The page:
Giveaway ends next Monday, October 11, 5 p.m. PST. Winners will be randomly chosen and announced here and on Twitter. I won’t be notifying via e-mail so please check back to see if you’ve won. Winners will have 48 hours to claim prize(s) before alternate names are chosen. (Don’t forget to enter my other giveaways here.)


    Armchair Casting: Chesley Sullenberger & Wonder Woman

    A movie based on the story of Captain Chesley Sullenberger, the pilot who landed a plane on the Hudson River in January 2009, is coming to a screen near you. According to reports like this one, Sullenberger was persuaded to go Hollywood by Harrison Ford, who’s also a pilot. (Han Solo made him do it!) The movie, which might air on TV, will be produced by Frank Marshall and Kathleen Kennedy, longtime producers of Spielberg movies including Raiders of the Lost Ark and Schindler’s List.

    Who do you think should play Sullenberger? Two ideas off the top of my head: James Cromwell (Babe, L.A. Confidential) or Michael O’Neill (a million TV shows).



    The other interesting project that might be coming into your living room, according to the Hollywood Reporter, is David E. Kelly’s small-screen reboot of Wonder Woman. This news makes me feel 10 years old again. The 1970s version starring Lynda Carter was appointment television for me and I now own all the DVDs. I would prefer to see a cinematic version (I squealed like a kid who got a new pony when I found out Joss Whedon was writing a feature years ago) but I’ll take my favorite Justice League member on TV if it means I’ll get to see her in live action again.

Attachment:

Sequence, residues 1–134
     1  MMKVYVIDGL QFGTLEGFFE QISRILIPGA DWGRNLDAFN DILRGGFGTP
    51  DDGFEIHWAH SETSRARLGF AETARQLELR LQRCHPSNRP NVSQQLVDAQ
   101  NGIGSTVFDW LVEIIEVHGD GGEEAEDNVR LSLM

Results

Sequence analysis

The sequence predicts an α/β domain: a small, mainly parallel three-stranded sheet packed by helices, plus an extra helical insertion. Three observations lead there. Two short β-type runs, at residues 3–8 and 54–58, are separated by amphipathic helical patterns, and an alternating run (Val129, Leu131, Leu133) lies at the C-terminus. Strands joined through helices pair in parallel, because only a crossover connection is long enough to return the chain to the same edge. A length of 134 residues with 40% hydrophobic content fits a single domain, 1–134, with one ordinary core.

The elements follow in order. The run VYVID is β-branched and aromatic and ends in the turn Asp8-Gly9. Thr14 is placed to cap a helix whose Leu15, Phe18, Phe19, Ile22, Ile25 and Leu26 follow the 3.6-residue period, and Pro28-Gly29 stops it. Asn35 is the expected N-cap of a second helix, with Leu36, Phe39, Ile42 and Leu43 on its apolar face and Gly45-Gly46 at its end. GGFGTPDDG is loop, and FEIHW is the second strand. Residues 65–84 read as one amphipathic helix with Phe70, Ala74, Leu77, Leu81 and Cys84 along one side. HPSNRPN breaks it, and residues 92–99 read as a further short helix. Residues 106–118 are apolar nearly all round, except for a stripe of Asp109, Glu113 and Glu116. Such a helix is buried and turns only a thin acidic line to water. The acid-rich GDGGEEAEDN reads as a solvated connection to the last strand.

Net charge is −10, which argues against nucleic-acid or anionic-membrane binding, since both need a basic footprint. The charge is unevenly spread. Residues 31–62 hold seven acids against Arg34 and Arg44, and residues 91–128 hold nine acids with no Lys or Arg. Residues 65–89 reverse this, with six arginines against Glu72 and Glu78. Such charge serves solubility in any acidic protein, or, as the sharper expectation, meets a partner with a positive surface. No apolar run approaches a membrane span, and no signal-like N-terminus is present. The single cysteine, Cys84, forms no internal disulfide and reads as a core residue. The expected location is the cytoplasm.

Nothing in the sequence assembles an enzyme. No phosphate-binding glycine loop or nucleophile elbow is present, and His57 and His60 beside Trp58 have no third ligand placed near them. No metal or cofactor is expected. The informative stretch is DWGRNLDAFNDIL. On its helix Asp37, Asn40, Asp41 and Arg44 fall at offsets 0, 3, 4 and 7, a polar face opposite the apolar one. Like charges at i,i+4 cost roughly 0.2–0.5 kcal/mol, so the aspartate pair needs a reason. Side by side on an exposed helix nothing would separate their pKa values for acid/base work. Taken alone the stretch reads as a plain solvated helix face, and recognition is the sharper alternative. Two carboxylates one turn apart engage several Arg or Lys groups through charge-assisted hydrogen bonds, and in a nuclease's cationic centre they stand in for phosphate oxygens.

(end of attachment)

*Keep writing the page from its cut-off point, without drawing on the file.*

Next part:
But who can fill Wonder Woman’s red boots? It’s harder to come up with ideas for this one because the actress has to be just right. I’ve already been disappointed by the recent Bionic Woman reboot because Michelle Ryan just didn’t click as Jaime Sommers. How about Ashley Greene from the Twilight movies or Minka Kelly from Friday Night Lights?



    How would you cast these roles? Would you watch either of these movies if/when they air?


    Mondo’s Surprise on PROJECT RUNWAY


    Last night’s episode of Project Runway was probably the most emotionally resounding episode in the entire series. I was sitting there admiring Mondo’s bold textile design of plus signs on a bright fuchsia background when he revealed what it represented: his HIV-positive status. And then he said he’d been keeping that secret for over 10 years and even his mother, who visited him during the episode, didn’t know.

    Wow. Talk about a personal inspiration for a design. What made it so moving for me was the print being so bold and bright (though I would’ve liked it better on a skirt instead of pants). If you didn’t know the story behind it, you might think it’s whimsical. Mondo’s refusal to be somber about his status gutted me.

    During the judging, I really, really didn’t want Mondo to tell the judges his story, despite Nina Garcia’s prompting. It didn’t feel right for him to reveal his secret to the world before confiding in family. I also didn’t want him to milk the story for sympathy votes and I admired him when he held firm.

    But then he did it—he disclosed the reason for the plus signs. At least he waited until after the judges already fawned over his design. And then he cried and said he felt free—who can begrudge him that? I only hope he went home and told his mother after the taping so that she didn’t have to learn about it from watching TV.

    What did you think of Mondo’s revelation? Think he’ll be in the final three?


    Book Review + Giveaway: Michael Connelly’s THE REVERSAL

    Mickey Haller for the People.